Section 3: Respecting God refers to Exodus to argue for quite a traditional definition of God that recognises him as meaning something beyond our human comprehension, but that such a God cannot be turned into an object of belief without idolatry – turning the infinite into the finite. A parallel is drawn between the Middle Way (avoiding positive and negative absolutisations) and the insights behind the prohibition of idolatry in the theistic traditions.

Section 4: God, humans and creation offers an interpretation of the story of the Creation in terms of human creativity, and of the Fall as a symbolic event of mixed significance – offering both evil and the potential for a human integrative process.

Section 5: Jesus: Integrated teacher? Offers a reading of Jesus as a Middle Way teacher, as well as confronting his apparent absolutism in the gospels which would go against such a reading. A principle of interpretative responsibility is employed rather than historical re-interpretation.

Section 6: Christ the Middle Way then offers an interpretation of the archetypal Christ, inspired by the traditional gospel material but not appealing to historical events or revelation. It interprets the key symbolic events in the Christian story of Jesus’ life – the crucifixion, resurrection etc. – in relation to the breaking of closed feedback loops in human judgement, that allow us to gain new inspiration at the very point of greatest frustration.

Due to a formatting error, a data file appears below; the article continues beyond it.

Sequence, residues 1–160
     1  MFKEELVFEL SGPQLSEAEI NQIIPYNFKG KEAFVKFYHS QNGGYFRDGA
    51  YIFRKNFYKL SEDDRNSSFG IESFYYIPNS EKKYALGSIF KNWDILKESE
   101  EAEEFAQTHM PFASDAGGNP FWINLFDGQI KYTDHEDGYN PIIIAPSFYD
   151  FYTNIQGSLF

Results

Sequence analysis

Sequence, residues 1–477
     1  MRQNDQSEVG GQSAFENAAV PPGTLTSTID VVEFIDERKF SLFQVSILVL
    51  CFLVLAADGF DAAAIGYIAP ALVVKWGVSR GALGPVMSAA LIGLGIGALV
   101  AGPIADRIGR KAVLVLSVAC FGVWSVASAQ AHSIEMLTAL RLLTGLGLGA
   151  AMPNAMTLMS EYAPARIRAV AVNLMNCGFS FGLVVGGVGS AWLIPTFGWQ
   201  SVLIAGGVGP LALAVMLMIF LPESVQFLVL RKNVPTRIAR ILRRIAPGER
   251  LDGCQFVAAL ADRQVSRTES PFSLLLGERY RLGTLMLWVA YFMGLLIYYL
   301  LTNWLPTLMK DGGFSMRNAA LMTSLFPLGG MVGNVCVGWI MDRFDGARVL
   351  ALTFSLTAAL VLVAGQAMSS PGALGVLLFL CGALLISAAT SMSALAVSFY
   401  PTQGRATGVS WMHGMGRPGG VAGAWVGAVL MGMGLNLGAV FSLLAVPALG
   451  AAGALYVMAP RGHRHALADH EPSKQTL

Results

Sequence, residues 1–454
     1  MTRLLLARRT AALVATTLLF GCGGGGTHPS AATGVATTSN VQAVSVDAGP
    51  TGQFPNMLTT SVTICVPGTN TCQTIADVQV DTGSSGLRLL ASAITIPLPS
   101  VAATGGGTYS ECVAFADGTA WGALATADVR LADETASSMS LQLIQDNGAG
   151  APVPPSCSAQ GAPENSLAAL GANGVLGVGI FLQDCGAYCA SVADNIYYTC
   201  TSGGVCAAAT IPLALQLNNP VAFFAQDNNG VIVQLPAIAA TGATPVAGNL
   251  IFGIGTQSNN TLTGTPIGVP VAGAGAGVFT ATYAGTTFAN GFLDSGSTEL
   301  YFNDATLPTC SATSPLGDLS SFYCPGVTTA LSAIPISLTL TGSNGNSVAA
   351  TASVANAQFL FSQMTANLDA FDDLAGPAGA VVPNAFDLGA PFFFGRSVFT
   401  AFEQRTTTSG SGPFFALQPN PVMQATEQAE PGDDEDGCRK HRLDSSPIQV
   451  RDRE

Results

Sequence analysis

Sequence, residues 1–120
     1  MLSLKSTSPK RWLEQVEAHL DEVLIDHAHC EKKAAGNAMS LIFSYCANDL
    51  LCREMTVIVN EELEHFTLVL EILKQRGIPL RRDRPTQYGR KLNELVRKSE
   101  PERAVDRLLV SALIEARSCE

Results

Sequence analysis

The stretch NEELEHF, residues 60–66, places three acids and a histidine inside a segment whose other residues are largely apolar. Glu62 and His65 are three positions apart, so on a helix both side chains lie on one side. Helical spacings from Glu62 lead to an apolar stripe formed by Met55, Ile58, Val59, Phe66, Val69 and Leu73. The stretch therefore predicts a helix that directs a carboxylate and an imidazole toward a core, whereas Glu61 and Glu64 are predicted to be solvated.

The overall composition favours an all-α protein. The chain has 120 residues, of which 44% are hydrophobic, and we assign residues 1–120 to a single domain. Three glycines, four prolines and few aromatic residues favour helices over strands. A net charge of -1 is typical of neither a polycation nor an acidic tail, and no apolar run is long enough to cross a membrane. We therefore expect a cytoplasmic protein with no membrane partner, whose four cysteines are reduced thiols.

Section 7: Christian Agnosticism argues that Christian agnosticism is very far from being a contradiction in terms as may be widely assumed – but should rather be the responsibility of Christians who respect God. It is argued that the mystical tradition in Christianity offers much material to support Christian agnosticism, and that this approach allows the healing of conflicts with other religions as well as with science, atheism and feminism. It is argued that this is not the preserve only of any one Christian denomination, but rather is a way of interpreting any tradition.

Section 8 Christian practice argues for a practical interpretation of the traditional sacraments and Christian rites of passage in line with the Middle Way: that is, fully participating in the meaning of the symbols used in these practices without assuming that they are based on any known ultimate truth or reality. To facilitate this approach Christians need to learn from psychology, rather than rejecting psychological insights on the basis of theological dogmas.

Section 9: Christian ethics and politics outlines a Middle Way Christian ethics. It is argued that moral objectivity depends not on moral revelations, but rather on the recognition that any given type of moral approach does not give the final answers. The most morally justified judgement is rather than one that stretches our egoistic assumptions most whilst remaining within the sphere of the practicable

 

Leave a Reply

Your email address will not be published. Required fields are marked *

CAPTCHA
Change the CAPTCHA codeSpeak the CAPTCHA code
 

Get a Gravatar